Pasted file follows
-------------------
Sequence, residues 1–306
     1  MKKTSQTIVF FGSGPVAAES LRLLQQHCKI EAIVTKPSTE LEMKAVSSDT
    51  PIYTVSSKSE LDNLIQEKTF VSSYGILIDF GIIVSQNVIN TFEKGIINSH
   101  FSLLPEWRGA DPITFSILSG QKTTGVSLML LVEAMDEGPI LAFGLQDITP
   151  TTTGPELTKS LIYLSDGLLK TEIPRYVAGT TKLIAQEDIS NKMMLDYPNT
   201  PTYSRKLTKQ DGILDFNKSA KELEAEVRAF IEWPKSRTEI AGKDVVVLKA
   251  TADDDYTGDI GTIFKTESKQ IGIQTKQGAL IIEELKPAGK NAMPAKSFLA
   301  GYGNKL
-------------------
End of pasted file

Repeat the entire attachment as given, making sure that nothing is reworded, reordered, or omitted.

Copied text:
Sequence, residues 1–306
     1  MKKTSQTIVF FGSGPVAAES LRLLQQHCKI EAIVTKPSTE LEMKAVSSDT
    51  PIYTVSSKSE LDNLIQEKTF VSSYGILIDF GIIVSQNVIN TFEKGIINSH
   101  FSLLPEWRGA DPITFSILSG QKTTGVSLML LVEAMDEGPI LAFGLQDITP
   151  TTTGPELTKS LIYLSDGLLK TEIPRYVAGT TKLIAQEDIS NKMMLDYPNT
   201  PTYSRKLTKQ DGILDFNKSA KELEAEVRAF IEWPKSRTEI AGKDVVVLKA
   251  TADDDYTGDI GTIFKTESKQ IGIQTKQGAL IIEELKPAGK NAMPAKSFLA
   301  GYGNKL